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The initial point of inquiry is whether the grievance was filed in a timely manner and, if not, whether an untimely filing makes the grievance inarbitrable. Such a defense by the employer, if upheld, would have the effect of denying the Union consideration of the grievance on its merits, so it must not be considered lightly or granted casually. The launching point for any such inquiry is the language of the contract itself. First of all, the language of Article VIII, Section 1 specifies that grievances are to be presented "no later than twenty (20) calendar days from the date the grievant first became aware of, or should have become aware of with reasonable diligence, the cause of such grievance." Section 3 then explains that for purposes of the contract, calendar days are Mondays through Fridays, exclusive of holidays.

The grievance itself identifies the event giving rise to the grievance as the directive from Deputy Chief Northrop to Captain Ferger on December 10, 2010, ordering him to split a 24-hour hireback on December 11 and offer the second half of it to Acting Lieutenant Griffin, who was already working a 12-hour first half hireback. The date stamp on the grievance reveals that it was filed with the City on January 26, 2011, which the Union does not dispute. Five days later, on January 31, 2011, Chief Liggett issued his Step One response, wherein he denied the grievance and stated inter alia that it was untimely. December 10, 2010 was a Friday. The next 20 calendar days following December 10, excluding Holidays, were December 13, 14, 15, 16, 17, 20, 21, 22, 23, 27, 28, 29, 30, January 3, 4, 5, 6, 7, 10 and 11. A strict reading and application of the language of the contract and the grievance, therefore, leads to a conclusion that the grievance was untimely by 11 days. The Union asserts, however, that for a number of reasons this analysis is inapt and should not control. It argues, variously, that the grievance was presented orally within the time limits, that the parties were engaged in settlement discussions throughout December and January, which suspended the contractual timelines until the Chief's email on January 25 affirming his directive, that the parties have been lax in enforcing strict adherence to the timelines in the past, such that the City should not be able to enforce them now without prior written notice of its intent to do so and that the City's actions constitute a series of continuing violations, which permit the filing of a grievance after any subsequent violation. I will address each of these arguments in turn.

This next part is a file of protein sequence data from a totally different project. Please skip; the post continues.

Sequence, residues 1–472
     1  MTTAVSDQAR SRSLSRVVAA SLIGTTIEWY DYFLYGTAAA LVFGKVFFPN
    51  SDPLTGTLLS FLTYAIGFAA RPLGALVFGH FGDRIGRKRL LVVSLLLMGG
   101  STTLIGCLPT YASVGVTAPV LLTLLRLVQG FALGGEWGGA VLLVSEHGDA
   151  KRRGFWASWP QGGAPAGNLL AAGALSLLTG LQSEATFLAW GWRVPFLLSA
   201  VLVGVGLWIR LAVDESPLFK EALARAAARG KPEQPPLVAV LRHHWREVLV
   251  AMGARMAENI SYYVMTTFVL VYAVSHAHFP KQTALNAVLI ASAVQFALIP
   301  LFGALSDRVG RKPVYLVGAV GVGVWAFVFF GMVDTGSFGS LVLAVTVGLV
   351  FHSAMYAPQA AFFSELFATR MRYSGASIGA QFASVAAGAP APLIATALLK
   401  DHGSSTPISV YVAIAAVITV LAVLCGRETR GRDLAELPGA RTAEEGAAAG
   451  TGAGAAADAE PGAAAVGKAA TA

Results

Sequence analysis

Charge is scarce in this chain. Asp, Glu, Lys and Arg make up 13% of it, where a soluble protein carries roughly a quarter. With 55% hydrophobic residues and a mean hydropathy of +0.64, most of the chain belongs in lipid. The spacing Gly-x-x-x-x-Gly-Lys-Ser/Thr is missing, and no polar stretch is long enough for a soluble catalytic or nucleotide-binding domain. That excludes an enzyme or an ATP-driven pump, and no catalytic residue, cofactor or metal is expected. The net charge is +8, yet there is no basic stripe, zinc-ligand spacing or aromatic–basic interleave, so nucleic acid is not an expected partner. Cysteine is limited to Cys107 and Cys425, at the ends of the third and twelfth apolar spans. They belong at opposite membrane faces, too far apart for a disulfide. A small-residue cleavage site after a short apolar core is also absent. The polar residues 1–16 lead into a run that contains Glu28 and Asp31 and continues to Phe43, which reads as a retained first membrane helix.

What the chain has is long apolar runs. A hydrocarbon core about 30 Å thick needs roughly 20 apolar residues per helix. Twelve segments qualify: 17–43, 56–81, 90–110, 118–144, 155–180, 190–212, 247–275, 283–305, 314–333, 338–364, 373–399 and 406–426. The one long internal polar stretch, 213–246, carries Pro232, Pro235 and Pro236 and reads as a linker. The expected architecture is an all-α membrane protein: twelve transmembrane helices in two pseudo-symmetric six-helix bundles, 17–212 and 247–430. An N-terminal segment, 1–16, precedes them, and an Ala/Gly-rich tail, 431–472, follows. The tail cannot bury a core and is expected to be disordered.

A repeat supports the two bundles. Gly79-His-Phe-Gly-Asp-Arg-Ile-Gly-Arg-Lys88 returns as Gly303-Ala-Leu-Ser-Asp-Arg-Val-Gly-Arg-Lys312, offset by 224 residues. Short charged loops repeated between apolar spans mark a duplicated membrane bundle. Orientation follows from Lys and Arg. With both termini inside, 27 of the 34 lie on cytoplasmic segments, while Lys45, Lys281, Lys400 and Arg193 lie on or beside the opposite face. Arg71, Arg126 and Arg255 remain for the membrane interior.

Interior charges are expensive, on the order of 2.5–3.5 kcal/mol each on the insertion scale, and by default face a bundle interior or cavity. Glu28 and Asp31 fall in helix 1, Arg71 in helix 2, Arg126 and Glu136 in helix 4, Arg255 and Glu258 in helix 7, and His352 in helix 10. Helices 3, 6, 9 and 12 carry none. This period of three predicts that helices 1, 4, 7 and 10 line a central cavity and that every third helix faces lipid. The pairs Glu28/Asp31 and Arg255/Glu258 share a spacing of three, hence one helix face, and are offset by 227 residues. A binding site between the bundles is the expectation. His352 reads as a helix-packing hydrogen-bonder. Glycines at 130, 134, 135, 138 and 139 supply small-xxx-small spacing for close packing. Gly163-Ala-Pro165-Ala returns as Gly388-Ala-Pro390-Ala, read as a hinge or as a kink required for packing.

The Union argues that it met its obligation of presenting the grievance within 20 calendar days when the Union President met with the Chief on December 15 to discuss the Union's concerns with Northrop's December 10 order. This led to the Chief issuing a directive on the splitting of 24-hour hirebacks later that day, which, in turn, engendered further